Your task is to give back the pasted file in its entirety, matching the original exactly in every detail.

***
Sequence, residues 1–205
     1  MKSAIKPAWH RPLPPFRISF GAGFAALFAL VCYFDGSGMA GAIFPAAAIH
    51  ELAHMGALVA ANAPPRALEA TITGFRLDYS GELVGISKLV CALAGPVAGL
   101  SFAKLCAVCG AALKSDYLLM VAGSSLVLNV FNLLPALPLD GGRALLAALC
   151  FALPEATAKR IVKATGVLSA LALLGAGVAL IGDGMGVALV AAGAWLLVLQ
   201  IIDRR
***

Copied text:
Sequence, residues 1–205
     1  MKSAIKPAWH RPLPPFRISF GAGFAALFAL VCYFDGSGMA GAIFPAAAIH
    51  ELAHMGALVA ANAPPRALEA TITGFRLDYS GELVGISKLV CALAGPVAGL
   101  SFAKLCAVCG AALKSDYLLM VAGSSLVLNV FNLLPALPLD GGRALLAALC
   151  FALPEATAKR IVKATGVLSA LALLGAGVAL IGDGMGVALV AAGAWLLVLQ
   201  IIDRR